Posted: Wednesday, January 30, 2013 1:45 PM ET
With so much uncertainty over the global economy, and rising volatility in the U.S. stock market, a lot of investors are shying away from individual stocks in favor of exchange-traded funds. One of the most popular ETFs is QQQ, which tracks the Nasdaq 100 index. An ETF that has similar holdings but weighted a different way is the QQQE.
We are going to take a closer look at these two ETFs and compare the returns that investors have experienced with each.
With the Nasdaq being so heavily weighted with technology stocks, ETFs that track the Nasdaq tend to also be more heavily weighted in technology stocks. PowerShares QQQ (QQQ) is one such ETF. In fact, over 50% of QQQ's holdings are technology companies.
The ten largest holdings of QQQ make up over 55% of the total ETF, with its Apple position accounting for 16% of the ETF and Microsoft another 9%. While this is great for investors that want to diversify across technology stocks, its overall diversification leaves a little to be desired.
Realizing that some investors who want to play the Nasdaq might prefer less exposure to the heavyweights of the tech sector, last March Direxion launched the NASDAQ-100 Equal Weighted Index Shares (QQQE). This ETF still holds the stocks in the Nasdaq 100, but instead of Apple accounting for 16% of the fund's holdings, each stock accounts for 1% of the funds holdings.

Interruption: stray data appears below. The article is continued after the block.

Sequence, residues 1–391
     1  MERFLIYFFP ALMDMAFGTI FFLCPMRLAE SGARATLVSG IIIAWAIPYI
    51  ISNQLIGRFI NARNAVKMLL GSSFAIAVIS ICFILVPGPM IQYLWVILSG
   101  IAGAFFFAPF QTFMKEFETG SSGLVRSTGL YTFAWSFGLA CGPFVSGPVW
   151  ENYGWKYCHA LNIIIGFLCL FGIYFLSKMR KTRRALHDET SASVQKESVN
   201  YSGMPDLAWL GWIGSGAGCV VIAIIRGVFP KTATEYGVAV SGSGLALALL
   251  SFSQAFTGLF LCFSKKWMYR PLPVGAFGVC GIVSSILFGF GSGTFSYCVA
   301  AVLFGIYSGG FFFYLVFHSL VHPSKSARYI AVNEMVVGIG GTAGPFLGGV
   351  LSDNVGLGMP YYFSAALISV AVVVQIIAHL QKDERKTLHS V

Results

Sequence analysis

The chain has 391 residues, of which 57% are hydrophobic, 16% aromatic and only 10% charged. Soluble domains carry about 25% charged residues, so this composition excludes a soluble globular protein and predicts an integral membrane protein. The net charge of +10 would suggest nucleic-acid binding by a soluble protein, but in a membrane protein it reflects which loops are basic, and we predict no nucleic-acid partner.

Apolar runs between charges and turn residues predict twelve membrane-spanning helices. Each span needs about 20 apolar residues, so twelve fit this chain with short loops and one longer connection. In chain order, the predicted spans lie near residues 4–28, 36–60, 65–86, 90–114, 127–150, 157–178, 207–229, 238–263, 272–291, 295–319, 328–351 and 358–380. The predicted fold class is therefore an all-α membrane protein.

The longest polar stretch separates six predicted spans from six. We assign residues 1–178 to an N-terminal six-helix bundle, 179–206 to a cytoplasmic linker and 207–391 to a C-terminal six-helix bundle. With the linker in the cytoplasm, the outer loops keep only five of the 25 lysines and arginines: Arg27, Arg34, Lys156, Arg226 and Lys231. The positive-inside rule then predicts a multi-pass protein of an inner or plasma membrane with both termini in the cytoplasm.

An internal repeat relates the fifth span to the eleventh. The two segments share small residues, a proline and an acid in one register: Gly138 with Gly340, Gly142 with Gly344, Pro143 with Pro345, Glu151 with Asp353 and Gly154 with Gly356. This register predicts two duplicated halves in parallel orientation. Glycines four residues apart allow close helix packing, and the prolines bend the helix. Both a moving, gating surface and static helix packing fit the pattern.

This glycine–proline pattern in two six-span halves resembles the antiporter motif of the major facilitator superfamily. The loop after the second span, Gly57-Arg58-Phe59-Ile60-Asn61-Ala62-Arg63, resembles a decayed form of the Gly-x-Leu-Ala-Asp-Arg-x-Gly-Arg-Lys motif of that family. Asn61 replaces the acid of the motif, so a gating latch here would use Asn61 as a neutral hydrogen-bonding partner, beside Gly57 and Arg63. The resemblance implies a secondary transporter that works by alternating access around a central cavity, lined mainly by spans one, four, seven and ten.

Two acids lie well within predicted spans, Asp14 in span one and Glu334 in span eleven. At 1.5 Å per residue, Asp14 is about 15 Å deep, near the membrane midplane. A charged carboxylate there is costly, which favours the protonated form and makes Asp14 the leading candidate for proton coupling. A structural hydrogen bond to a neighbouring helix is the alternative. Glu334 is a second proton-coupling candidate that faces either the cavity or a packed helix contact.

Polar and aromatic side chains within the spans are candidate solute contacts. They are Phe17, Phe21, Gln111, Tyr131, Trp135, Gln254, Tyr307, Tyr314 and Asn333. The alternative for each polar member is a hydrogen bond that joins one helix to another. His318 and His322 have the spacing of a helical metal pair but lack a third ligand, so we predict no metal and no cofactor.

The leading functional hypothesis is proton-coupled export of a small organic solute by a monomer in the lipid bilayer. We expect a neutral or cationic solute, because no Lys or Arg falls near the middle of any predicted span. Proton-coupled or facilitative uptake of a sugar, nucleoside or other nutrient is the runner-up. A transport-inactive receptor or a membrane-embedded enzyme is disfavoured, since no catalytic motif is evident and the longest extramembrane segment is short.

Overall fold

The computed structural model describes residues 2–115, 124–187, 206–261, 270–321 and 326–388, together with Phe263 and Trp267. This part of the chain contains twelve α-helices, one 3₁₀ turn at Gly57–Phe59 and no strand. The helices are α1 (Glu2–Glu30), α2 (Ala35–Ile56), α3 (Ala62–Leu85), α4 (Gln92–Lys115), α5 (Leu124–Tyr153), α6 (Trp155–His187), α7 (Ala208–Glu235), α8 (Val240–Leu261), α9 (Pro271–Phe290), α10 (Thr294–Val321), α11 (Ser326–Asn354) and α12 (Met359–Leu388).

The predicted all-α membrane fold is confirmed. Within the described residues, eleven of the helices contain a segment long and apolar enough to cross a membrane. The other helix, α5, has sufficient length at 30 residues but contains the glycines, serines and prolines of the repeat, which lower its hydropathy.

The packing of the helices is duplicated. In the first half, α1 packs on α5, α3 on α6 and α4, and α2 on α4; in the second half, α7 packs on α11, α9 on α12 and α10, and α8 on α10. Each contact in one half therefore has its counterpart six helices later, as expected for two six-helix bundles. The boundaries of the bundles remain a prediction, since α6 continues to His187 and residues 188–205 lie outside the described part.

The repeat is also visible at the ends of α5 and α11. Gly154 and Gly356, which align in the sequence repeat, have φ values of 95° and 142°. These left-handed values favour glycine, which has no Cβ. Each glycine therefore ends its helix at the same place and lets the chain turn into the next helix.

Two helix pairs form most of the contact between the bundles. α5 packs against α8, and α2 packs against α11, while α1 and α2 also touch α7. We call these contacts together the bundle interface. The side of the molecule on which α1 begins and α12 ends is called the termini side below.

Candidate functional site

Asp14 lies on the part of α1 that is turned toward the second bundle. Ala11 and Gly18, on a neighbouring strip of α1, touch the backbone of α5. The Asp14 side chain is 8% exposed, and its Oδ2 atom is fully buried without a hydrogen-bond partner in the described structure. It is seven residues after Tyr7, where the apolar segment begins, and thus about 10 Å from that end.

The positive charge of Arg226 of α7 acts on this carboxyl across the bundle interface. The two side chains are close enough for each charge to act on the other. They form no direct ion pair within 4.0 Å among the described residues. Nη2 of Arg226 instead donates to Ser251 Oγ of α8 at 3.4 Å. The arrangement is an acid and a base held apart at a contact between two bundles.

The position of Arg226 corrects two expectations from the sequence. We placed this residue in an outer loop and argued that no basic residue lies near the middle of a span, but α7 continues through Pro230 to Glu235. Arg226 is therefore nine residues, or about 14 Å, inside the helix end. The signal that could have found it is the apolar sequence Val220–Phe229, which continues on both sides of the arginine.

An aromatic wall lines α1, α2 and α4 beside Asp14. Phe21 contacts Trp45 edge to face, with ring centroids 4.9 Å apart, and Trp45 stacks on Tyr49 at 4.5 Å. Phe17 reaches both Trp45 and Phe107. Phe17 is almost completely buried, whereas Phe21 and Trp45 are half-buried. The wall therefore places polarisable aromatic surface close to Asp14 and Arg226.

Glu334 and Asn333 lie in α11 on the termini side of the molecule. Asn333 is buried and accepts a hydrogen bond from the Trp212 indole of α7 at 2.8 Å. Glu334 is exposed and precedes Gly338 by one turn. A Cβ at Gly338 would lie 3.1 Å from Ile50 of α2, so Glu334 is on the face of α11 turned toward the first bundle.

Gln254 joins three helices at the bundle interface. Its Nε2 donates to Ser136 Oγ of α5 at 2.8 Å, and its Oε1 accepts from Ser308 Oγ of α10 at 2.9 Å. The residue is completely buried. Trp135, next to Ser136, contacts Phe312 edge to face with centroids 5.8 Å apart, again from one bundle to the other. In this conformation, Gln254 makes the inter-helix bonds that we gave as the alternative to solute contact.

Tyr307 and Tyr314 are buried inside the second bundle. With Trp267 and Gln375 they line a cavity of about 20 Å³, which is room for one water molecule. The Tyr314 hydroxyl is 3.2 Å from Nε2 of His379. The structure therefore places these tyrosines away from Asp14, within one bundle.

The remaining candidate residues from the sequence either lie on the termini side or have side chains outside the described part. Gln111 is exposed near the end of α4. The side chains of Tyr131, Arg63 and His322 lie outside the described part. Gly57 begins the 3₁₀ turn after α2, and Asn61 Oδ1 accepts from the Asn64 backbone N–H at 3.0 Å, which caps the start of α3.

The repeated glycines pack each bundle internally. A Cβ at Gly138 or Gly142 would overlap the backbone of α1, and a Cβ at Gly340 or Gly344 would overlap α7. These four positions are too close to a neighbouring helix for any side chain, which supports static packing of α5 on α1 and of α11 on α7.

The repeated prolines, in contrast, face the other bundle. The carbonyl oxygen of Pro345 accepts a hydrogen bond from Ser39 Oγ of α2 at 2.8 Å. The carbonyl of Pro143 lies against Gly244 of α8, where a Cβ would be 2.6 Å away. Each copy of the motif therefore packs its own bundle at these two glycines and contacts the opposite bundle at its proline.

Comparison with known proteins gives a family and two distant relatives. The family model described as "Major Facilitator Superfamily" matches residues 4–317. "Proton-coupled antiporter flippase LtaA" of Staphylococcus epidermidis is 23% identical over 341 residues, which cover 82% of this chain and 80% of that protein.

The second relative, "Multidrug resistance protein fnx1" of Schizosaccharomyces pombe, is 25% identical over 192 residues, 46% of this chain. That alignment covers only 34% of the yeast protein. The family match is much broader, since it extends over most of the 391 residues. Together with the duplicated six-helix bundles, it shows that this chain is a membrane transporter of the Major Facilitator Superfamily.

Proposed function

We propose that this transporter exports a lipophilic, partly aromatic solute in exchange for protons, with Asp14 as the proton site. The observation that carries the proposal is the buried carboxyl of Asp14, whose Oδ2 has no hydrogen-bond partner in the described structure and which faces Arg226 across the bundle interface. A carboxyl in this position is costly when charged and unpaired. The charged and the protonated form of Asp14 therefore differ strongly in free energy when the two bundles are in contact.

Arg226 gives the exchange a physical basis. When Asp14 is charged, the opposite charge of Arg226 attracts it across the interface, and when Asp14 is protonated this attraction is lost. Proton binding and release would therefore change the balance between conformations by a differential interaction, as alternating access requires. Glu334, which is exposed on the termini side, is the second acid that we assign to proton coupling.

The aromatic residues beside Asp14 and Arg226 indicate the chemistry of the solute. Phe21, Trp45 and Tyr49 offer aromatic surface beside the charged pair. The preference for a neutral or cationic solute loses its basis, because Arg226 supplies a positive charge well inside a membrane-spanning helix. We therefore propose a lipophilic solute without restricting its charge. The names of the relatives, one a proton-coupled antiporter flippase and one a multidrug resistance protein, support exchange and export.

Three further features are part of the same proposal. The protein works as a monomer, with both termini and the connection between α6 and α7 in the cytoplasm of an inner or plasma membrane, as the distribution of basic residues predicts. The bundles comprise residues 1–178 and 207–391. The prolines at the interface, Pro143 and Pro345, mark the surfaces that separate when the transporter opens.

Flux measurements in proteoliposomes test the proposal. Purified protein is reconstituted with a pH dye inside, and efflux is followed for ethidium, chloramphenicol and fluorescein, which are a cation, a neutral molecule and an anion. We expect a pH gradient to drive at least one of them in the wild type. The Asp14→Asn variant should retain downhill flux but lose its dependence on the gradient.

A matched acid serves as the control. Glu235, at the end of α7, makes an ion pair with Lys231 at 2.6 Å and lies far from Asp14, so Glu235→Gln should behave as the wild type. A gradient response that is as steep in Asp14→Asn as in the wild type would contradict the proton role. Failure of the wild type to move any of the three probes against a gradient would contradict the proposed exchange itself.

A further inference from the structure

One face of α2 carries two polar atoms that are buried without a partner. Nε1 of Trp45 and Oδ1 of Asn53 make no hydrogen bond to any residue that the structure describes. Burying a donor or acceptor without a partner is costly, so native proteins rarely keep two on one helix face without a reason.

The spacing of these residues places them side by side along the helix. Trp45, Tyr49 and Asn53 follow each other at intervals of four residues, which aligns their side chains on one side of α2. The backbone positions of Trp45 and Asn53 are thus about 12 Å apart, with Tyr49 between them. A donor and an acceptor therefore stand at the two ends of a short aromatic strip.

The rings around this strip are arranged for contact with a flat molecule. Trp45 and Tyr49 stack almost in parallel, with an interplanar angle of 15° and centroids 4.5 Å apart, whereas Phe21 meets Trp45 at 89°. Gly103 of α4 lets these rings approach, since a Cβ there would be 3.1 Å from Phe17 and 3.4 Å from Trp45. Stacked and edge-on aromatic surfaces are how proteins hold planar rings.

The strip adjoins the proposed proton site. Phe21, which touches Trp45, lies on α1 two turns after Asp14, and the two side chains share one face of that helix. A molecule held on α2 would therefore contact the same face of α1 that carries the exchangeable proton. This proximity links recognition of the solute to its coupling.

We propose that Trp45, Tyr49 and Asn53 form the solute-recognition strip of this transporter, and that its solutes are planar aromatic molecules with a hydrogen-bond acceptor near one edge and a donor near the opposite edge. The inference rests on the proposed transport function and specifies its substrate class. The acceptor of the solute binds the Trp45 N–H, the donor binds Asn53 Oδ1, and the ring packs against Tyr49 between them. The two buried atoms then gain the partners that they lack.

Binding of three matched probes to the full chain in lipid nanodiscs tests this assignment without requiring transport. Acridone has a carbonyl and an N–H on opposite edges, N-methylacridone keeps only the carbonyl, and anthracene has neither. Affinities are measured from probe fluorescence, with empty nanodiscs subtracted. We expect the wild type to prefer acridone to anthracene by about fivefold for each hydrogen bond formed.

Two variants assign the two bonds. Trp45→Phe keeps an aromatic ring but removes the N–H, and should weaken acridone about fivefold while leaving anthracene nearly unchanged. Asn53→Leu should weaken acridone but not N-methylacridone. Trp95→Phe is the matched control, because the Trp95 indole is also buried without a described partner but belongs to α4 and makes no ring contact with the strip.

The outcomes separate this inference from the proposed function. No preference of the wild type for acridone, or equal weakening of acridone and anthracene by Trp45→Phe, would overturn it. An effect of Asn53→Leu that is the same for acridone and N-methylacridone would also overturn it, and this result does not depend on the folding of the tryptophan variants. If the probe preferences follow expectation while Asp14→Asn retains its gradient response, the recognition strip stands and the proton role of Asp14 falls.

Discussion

A couple of advantages of QQQE over QQQ:
A perfect example of the added stability investors enjoy with QQQE can be seen in the recent selling pressure that Apple has experienced. As AAPL shares sold off, QQQ moved in a similar fashion. Investors who got into QQQ in order to diversify their portfolio learned the hard way that they were still heavily exposed to Apple.
QQQE on the other hand, did not experience such a dramatic drop in price.
Which of these ETFs are better for you depends on your investing goals. If you want to play the Nasdaq solely because of the heavy tech weighting, then QQQ is your better investment. However, if you prefer a more diversified investment across the entire Nasdaq 100 then you would be better off going with QQQE.
Michael Fowlkes is a financial writer who has been with the Fresh Brewed Media family since 2004. Over the course of his tenure with Fresh Brewed Media, he has worn many hats, including portfolio manager, options analyst, and writer. Michael received his undergraduate degree from Virginia Tech in Accounting and got his start in finance working as a stock trader for six years at Chase Investment Counsel in Charlottesville, Va. His articles typically cover big-picture events and forecasting what impact they will have on the stock market. In addition to writing for Fresh Brewed Media, Michael also wrote for AOL's BloggingStocks for three years, focusing most of his attention on the energy and technology sectors. Follow him on Twitter at @MFatMICenter.
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